Comparing the ‘War on Drugs’ with the ‘War on Terror’…


Stay with me a little on this one…

What do we know about the so called ‘War on Terror’? Here are some of the facts as I think we can generally accept them;

  • The back story to terror is long and winding; having roots in old Colonial power struggles
  • Poverty and broken societies in which people lose hope and connection also tend to breed terrorism
  • Behind the scenes are many vested interests who tend to prosper in spite of the miseries experienced by those directly affected
  • Terrorist/freedom fighter? It depends on your perspective and whose narrative frames the context
  • Fighting insurgency and terror using invasive conventional forces tends to create the very conditions for the violence to increase
  • Simplistic ideas of good and evil entrench the situation into a bloody stalemate and tend to make things worse

The evidence for these statements (which I accept are value laden and open to debate) is fairly widespread, but as a case study, consider the rise of ISIS, which according to its own leadership only exists because of the invasion of Iraq, and the imprisonment of key activists in brutal military prisons, which effectively became academies for the religious and political movement which led to the very formation of ISIS.

But that has been said before- the point of this piece is a rather interesting comparison with the ‘War on Drugs’- by which I mean the on going effort to address addiction to substances within the western world- and my own situation in the UK in particular. In case it is not obvious why I am blogging about this, I am concerned on this blog to engage with things that might bring freedom to the captives, and proclaim the hope of jubilee to those who have lost hope. Addicts need this more than most.


By any measure, we are not really winning this war any more than we are winning the one against terror. Those on the front line are suffering dreadfully, many are dying young after blighted half-lives. You can check out the stats in relation to UK drug use here. Whilst the longer term trend of hard drug use have been down (although this figure might be masked by a trend towards new patterns of poly-drug use). In 2013 to 2014, 3.1% of adults aged 16 to 59 were defined as frequent drug users (having taken any illicit drug more than once a month on average in the last year), a slightly higher proportion than in 2012 to 2013 (2.8%) but similar to the 2011 to 2012 proportion (3.2%).Young adults were more likely to be frequent drug users than older people. The proportion of young adults aged 16 to 24 classed as frequent drug users (6.6%) was more than twice as high as the proportion of all adults aged 16 to 59 (3.1%) in 2013 to 2014 and represented a statistically significant increase compared with 2012 to 2013 (5.1%).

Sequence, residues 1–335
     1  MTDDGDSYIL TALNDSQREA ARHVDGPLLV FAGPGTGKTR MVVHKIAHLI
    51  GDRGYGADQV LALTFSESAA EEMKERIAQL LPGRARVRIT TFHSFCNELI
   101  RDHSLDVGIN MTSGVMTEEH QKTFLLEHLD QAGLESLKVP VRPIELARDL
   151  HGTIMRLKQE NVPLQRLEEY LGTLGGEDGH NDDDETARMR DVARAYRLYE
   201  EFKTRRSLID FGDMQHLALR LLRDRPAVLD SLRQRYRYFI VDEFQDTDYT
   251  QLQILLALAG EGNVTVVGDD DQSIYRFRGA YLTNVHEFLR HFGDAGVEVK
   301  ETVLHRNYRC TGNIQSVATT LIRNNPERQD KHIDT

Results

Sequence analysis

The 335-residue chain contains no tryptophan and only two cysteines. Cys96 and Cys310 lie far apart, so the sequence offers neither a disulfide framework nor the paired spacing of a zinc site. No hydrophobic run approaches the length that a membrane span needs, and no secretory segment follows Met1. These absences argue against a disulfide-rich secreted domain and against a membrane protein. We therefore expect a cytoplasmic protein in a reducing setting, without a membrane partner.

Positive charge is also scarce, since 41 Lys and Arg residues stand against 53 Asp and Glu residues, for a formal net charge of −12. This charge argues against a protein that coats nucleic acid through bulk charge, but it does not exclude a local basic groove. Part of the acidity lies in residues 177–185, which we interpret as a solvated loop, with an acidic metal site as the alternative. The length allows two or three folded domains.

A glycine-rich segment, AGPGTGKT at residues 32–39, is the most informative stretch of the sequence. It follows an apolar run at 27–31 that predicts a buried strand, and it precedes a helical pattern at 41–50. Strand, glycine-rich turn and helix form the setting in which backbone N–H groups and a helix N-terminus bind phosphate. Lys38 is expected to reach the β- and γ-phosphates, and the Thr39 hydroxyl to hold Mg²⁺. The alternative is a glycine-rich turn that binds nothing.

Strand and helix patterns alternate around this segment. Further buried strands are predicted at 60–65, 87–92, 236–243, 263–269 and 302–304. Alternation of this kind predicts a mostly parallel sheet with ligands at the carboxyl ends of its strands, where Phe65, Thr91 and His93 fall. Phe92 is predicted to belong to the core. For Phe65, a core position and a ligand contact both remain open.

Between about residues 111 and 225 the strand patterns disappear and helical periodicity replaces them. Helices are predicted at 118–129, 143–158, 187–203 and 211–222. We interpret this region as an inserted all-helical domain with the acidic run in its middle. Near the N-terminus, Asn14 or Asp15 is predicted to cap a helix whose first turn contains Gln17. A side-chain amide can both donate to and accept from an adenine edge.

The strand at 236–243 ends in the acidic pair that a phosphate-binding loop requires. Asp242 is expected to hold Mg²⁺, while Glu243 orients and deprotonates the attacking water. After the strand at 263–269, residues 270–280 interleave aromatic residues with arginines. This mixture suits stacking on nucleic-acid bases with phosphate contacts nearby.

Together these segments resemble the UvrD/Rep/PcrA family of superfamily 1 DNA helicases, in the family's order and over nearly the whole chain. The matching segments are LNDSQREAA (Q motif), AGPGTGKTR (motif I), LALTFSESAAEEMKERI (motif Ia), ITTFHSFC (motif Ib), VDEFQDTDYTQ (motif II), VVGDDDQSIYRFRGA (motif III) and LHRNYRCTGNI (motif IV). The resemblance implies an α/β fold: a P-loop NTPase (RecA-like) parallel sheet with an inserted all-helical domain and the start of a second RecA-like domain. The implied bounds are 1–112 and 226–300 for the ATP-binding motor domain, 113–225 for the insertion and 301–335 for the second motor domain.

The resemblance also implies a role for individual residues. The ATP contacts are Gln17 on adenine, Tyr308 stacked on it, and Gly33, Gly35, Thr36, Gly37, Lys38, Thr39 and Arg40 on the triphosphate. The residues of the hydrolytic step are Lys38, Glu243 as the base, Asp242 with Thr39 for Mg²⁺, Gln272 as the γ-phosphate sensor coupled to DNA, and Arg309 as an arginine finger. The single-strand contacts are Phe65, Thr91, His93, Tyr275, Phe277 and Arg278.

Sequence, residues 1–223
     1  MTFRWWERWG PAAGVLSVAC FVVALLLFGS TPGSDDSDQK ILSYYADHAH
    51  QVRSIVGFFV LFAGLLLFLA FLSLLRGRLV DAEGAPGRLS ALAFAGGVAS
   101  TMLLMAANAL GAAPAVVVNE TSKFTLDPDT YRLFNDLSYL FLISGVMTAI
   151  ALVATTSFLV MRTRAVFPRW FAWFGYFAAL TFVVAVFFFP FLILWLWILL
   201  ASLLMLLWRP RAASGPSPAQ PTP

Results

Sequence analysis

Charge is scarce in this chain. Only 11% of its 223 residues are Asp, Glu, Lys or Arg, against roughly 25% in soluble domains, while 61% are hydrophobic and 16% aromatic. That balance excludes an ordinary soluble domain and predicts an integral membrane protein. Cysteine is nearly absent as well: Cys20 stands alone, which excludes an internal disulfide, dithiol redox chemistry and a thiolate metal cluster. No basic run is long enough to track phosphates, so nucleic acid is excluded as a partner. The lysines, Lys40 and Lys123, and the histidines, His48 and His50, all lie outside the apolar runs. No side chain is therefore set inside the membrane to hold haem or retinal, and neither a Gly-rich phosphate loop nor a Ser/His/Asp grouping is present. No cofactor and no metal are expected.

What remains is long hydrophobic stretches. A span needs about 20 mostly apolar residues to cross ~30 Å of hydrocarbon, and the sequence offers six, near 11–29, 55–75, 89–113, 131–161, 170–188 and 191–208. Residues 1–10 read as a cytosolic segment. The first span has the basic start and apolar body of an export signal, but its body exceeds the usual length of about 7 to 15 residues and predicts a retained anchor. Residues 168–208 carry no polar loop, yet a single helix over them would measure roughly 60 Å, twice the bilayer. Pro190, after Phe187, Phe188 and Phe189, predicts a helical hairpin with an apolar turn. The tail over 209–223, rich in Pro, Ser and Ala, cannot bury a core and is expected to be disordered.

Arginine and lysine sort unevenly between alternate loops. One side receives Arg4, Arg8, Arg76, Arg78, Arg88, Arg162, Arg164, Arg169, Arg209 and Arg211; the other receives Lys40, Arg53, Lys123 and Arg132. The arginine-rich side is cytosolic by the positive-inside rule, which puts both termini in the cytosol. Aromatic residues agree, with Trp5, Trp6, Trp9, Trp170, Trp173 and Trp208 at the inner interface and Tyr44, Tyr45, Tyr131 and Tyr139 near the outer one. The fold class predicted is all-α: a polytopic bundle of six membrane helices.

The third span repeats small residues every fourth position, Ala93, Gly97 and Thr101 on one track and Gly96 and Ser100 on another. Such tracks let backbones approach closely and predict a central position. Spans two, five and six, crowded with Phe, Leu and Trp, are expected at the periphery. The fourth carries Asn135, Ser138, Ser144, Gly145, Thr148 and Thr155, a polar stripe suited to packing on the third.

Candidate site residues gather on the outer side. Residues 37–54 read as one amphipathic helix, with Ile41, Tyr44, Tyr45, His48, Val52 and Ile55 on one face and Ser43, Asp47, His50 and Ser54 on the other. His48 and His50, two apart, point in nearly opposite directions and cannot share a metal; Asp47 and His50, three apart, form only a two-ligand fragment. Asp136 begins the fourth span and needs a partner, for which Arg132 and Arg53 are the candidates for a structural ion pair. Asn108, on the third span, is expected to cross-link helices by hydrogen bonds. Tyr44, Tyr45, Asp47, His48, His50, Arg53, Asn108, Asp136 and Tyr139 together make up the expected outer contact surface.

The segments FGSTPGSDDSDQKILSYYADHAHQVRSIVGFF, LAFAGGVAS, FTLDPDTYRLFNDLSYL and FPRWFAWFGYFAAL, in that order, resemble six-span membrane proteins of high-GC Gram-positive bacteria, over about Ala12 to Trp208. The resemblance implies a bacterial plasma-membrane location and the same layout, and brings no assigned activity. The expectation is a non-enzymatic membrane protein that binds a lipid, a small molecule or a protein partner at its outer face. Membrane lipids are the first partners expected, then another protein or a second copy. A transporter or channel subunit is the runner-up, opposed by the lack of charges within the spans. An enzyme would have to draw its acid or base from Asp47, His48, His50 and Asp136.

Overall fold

For those who are addicted, the story is complex; The majority of those in treatment in the UK are heroin and crack cocaine users; many have been using for a long time and as they get older are experiencing chronic health problems. Recovery for these people can be incredibly hard, however many have made remarkable recovery journeys and now lead full and accomplished lives. Services have gradually come to realise that recovery is rarely the consequence of moral choices enforced by criminality, nor by seeing people as ‘sick’ and needing treatment (these being the two main framing narratives for institutional response to addicts.

One of the best articles I have read about addiction recently was concerned with an interview with disgraced former Independent columnist Johann Hari (collaborator with Russel Brand) who has written a book about drugs, full of his and other’s experiences. I will throw in a few quotes from the article as I return to the comparison with the War on Terror. Mirroring the points above;

  • Fighting a War on Drugs has a long history, full of Colonial vested interests too. In this war, the victims may be further victimised in order to achieve socio-political security for the moral majority.